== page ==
Wildlife cham­pion

In our se­ries about peo­ple with a pas­sion for a species, we ask The One Show’s Mi­randa Krestovnik­off why she cares so much about grey seals.

BBC Wildlife Magazine - - Contents - MI­RANDA KRESTOVNIK­OFF is a TV pre­sen­ter and au­thor of The Sea: Ex­plor­ing our Blue Planet. She’s ap­pear­ing at the Grant Arms Book Fes­ti­val (see p78).

Why TV pre­sen­ter Mi­randa Krestovnik­off is fas­ci­nated by grey seals

Why are you cham­pi­oning the grey seal?

Some of my very best an­i­mal en­coun­ters have been with in­quis­i­tive grey seals here in UK wa­ters. I find them com­pletely mesmerisin­g and so play­ful. Ev­ery time I have an in­ter­ac­tion with them while scuba div­ing, I feel so lucky that they want to ap­proach and spend time with me in the wa­ter, and I never want those dives to end. Un­like us, they are well adapted for life in the sea, with tor­pedo-shaped bod­ies, large eyes and highly sen­si­tive whiskers, which all en­able them to hunt ef­fi­ciently in the murky depths.

Can you tell us about your first dive with grey seals?

I was film­ing in the Farne Is­lands for the very first se­ries of BBC Two’s Coast, and I had just been told about how ‘full on’ a grey seal en­counter could be, so I was men­tally pre­par­ing my­self for it. Af­ter a few min­utes in the wa­ter, one soli­tary seal just glided past, gave me a cur­sory glance, and then dis­ap­peared. I was left won­der­ing whether that was my ‘en­counter’, but within min­utes the rest of the group crept up be­hind me and started tug­ging at my fins! It was as if that seal had been a ‘scout’ sent to check us out be­fore the rest came in to play.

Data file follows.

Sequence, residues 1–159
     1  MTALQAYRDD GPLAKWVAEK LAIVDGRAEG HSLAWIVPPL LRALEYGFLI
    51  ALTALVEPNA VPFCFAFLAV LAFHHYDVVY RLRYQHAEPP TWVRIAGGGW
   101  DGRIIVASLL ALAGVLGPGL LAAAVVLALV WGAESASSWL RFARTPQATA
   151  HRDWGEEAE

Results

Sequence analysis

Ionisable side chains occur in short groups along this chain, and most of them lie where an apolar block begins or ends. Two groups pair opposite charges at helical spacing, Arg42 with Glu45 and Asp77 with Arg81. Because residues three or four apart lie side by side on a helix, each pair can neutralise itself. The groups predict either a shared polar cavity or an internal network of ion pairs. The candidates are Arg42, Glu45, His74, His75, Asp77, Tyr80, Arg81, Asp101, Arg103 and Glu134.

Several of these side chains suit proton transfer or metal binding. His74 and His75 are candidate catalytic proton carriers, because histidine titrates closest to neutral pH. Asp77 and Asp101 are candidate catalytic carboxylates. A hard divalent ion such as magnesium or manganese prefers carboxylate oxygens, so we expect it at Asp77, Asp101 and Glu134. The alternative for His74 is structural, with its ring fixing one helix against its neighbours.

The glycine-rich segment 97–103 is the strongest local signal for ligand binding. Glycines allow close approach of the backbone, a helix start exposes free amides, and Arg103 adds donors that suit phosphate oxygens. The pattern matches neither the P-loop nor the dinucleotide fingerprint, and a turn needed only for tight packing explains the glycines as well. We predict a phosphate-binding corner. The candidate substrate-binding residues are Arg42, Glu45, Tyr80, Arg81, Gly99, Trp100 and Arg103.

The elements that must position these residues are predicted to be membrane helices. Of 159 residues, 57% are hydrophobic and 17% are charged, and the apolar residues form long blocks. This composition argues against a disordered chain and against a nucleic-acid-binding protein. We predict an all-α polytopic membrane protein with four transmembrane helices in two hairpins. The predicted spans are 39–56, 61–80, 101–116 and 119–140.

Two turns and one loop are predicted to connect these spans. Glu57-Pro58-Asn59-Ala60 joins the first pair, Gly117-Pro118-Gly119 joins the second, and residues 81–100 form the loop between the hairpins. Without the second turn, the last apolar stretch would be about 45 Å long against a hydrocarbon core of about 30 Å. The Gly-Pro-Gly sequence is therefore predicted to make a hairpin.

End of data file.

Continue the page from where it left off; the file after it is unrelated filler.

What are your favourite grey seal facts?

Pups are born white, which is not great cam­ou­flage on sand or peb­bles, but it is a relic from the ice age when the pin­nipeds would have been born on snow! Also, grey seals are one of the rarest seal species in the world, with be­tween 120,000–200,000 in Bri­tain, rep­re­sent­ing 40 per cent of the world’s pop­u­la­tion.

Where can grey seals be found in the UK?

All around. Hotspots are in Corn­wall, the Isles of Scilly, Pem­brokeshire, Nor­folk, Orkney and the Farne Is­lands. The pup­ping sea­son starts as early as Au­gust in Corn­wall, then Septem­ber to Oc­to­ber in Wales, and Novem­ber to De­cem­ber in Scot­land and down the east coast of Eng­land. There are plenty of great places to see them hauled out on beaches, but peo­ple need to take care not to dis­turb moth­ers with new pups and to keep dogs on a lead. Pups of­ten get sep­a­rated if dis­turbed, which can lead to star­va­tion.

Are there threats to grey seals?

They can come into con­flict with fish­farm own­ers, in some ar­eas, be­cause the farms are an easy source of food for them. Grey seals are also af­fected by ma­rine plas­tic and other pol­lu­tion. Be­cause they are so in­quis­i­tive, these mam­mals will in­ves­ti­gate un­usual items float­ing in the wa­ter and can get plas­tic or ‘ghost fish­ing gear’ [lost or aban­doned fish­ing equip­ment] wrapped around their necks or flip­pers, which stops them from swim­ming and feed­ing prop­erly – each year, there are many cases of seals be­ing res­cued. Plas­tic has also been found in their fae­ces, passed up through the food chain from the fish that they con­sume.

S I feel so lucky that they want to ap­proach and spend time with me in the wa­ter. T

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